I’ve been starting and scaling companies for 20 years now. And over that time I’ve coached hundreds of entrepreneurs to successfully scale their companies too.
I believe strongly in well-designed processes and replicable business systems. But what happens when someone on your team faces a novel situation that just isn’t “covered” in the systems that you’ve developed?
One answer is to require your team member to check with their manager, but I think we can likely agree that this solution is less than ideal.
What we all want as business leaders is to give our team what they need to autonomously do great work and make smart business decisions, even in ambiguous circumstances for which you’ve never explicitly told them what you’d like them to do.
The solution to this challenge lies in your company culture – the “way” your company views, prioritizes, and behaves to get things done. Your culture are the sum total of your values, beliefs, traditions, and accepted standards of behavior.
Here is a simple 5 step process to intentionally lay the foundation for your company’s culture.
Step One: Clarify your company’s core values.
Your company’s values are the filters through which you want your team to make any tough decision.
How do you want your team to treat a customer in an emotionally loaded moment?
How do you want your team to treat each other when they see things differently?
How do you want your team to make a decision about how to prioritize their likely overfull to do lists?
What do you want the mood and feeling to be in your office?
When you list out your company’s core values, consider adding in a statement that can be behaved. This gives your values a concrete quality that is easier for your team to internalize.
For example, with my business coaching company, Maui Mastermind, two of our company values are:
- “We do what we say we’ll do and hold other people accountable to the same standard.” (Notice we say it this way versus just to say “integrity”. It’s hard to behave “integrity”, but it is easy to expect to do what we say we’ll do.)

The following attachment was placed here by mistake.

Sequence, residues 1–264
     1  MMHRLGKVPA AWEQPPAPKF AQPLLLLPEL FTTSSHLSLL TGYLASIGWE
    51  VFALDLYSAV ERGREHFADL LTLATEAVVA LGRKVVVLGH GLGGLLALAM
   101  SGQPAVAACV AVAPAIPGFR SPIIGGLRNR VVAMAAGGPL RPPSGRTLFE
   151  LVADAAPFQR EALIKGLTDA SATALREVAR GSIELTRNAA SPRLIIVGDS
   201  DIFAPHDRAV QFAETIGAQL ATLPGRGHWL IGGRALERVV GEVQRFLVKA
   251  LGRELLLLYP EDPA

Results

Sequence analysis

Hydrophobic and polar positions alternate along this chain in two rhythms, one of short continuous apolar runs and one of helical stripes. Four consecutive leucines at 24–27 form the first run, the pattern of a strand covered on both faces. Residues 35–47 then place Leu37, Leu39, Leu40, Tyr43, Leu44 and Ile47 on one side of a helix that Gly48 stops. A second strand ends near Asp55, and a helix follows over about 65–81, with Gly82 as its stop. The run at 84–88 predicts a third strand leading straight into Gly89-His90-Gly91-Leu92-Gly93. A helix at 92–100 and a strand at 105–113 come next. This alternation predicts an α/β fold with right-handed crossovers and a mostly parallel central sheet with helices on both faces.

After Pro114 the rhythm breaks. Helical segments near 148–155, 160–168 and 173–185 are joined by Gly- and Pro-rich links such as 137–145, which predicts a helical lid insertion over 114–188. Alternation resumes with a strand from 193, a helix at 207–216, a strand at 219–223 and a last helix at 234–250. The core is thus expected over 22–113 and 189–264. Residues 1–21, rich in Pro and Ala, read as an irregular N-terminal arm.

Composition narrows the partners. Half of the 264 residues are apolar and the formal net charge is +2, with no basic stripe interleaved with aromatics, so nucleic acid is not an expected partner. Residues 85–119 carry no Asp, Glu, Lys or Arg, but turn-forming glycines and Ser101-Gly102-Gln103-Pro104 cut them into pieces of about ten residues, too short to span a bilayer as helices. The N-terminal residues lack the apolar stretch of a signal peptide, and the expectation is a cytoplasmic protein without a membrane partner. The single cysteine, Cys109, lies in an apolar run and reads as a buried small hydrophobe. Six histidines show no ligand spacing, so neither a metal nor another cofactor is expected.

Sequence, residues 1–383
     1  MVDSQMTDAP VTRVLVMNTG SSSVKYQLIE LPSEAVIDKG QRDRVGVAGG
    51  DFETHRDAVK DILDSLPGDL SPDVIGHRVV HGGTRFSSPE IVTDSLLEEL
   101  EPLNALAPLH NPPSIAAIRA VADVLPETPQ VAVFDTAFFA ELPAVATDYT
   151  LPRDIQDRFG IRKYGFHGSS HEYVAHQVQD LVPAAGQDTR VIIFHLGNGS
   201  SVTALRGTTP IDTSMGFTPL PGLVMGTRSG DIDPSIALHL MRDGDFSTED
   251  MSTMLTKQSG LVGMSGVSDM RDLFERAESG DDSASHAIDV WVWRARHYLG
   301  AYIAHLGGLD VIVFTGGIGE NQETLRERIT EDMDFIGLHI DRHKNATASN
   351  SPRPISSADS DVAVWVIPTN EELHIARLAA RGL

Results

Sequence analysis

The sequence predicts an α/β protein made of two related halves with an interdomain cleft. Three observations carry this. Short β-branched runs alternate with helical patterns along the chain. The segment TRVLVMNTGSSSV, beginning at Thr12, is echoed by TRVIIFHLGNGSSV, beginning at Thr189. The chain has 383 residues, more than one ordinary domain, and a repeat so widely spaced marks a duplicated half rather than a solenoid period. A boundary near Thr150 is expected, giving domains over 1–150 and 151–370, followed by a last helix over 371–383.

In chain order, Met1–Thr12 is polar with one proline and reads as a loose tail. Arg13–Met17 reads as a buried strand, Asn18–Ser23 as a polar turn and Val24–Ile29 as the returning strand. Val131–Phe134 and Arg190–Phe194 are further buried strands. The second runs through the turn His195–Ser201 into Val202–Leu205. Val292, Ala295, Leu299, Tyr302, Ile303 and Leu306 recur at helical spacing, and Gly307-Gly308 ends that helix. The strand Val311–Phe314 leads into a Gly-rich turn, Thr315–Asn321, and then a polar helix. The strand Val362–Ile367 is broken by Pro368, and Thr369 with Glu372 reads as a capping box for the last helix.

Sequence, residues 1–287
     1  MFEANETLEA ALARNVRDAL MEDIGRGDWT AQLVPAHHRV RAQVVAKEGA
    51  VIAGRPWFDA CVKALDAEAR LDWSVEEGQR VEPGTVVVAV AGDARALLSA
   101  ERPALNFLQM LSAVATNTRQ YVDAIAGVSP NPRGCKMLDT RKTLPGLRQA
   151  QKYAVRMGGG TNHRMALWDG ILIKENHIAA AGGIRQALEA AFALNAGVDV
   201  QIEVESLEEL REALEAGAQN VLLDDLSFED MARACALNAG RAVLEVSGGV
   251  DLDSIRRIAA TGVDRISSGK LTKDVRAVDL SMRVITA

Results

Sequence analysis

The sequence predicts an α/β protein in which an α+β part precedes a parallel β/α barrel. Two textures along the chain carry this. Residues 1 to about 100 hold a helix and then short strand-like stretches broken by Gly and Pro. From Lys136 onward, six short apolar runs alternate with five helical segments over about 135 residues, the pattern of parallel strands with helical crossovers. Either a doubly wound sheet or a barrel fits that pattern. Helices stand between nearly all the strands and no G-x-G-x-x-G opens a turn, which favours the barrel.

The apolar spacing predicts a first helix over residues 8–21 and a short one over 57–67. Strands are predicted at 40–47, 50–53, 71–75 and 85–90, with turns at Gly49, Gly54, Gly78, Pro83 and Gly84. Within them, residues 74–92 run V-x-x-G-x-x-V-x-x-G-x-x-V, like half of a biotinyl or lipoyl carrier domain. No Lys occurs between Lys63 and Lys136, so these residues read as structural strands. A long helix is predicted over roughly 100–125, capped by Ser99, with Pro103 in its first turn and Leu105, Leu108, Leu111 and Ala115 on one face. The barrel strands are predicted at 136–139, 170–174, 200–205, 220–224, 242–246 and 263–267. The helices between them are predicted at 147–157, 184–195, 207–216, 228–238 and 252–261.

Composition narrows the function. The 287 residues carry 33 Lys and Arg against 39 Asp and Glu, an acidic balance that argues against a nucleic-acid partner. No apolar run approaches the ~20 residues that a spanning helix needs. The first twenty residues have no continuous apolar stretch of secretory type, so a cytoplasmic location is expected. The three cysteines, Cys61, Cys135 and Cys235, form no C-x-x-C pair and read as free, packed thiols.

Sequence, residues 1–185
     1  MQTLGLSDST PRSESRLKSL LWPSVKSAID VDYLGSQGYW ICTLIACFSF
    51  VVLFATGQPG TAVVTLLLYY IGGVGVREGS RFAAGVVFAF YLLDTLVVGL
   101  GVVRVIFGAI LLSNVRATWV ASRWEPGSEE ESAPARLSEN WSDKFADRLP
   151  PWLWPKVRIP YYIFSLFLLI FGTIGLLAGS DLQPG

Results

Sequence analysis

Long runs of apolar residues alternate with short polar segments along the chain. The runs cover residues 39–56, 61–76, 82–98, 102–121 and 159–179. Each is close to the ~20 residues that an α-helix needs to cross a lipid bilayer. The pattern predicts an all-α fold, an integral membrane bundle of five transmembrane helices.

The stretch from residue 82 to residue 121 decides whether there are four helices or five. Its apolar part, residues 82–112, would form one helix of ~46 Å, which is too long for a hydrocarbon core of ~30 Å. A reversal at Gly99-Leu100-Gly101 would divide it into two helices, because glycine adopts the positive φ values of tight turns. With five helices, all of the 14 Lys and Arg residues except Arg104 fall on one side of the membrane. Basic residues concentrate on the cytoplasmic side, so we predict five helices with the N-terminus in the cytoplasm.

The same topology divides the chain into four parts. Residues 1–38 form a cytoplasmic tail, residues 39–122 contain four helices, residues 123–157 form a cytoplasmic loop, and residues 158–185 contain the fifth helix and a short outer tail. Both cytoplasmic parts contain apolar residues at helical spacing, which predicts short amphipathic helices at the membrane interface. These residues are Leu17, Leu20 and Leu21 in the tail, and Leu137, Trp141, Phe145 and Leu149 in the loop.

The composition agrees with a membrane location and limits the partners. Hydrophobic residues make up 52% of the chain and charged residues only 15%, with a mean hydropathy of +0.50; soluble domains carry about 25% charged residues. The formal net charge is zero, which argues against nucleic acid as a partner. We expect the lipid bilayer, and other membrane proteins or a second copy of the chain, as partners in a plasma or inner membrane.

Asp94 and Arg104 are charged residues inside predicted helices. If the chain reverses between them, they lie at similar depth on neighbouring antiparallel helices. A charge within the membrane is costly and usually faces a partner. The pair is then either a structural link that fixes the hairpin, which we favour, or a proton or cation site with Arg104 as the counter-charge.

- “We eat our own cooking.” (This is our way of clarifying to our team that we follow our own business coaching best practices. We create our own 1-page quarterly action plan every 90 days and do our weekly “Big Rock Reports” just like we coach our clients to.)
Again, notice how both these values we used short, simple statements to make our values clear behaviorally. This has proven to be an effective way to lay out your company values, and one which many of our business coaching clients have modelled.
Step Two: Create a written draft of what you want your company’s culture to be.
Over the next 30 days, set aside a few 45-60 minute blocks of time to just journal on paper what you want your company’s culture to look like. What behaviors would be the norm at your company? How would someone be able to observe how your team has internalize your company values in their day-to-day job? What would an outside observer notice about the feel of your company if they spent the day in your offices?
Step Three: Get a reality check — How does your company currently line up on your vision of what you want your culture to be?
Imagine you were an outsider looking in, where would you notice things aligning or not aligning between the observed culture and your desired culture?
Ask your leadership for their observations and feelings on this. They will likely see things differently than you. Welcome their perspective and use their input to inform this process over time. And this is a process that unfolds over time, not just a “sit down one time” event.
Step Four: Concretely do five things every week to reinforce your company culture.
This could include:
- Send out a company-wide email retelling the story of the victory.
- Highlight an example of a great team member behavior at a meeting.
- Look for and share company-wide small occurrences in the company that symbolize deeper values you want the company to absorb.
- Intentionally make the hard decision that shocks your team into learning how seriously you believe in your values.
- Role model the behavior you want them to internalize – be consistent with it.
Step Five: Revisit and revise your written description of your company culture until you feel it reflects just what you want it to be.
It takes time to feel out what you want your culture to be. But the value of investing in creating the right company culture for your business is worth the investment of time and attention.
For example, a friend and former client of mine, Stephanie was able to nurture such a strong culture at her 100 person manufacturing company that it ran profitably for 23 years before she and her husband sold the company for a 20 times multiple.
Remember, culture is the invisible hand that shapes behavior and tells people how to behave when no one is watching.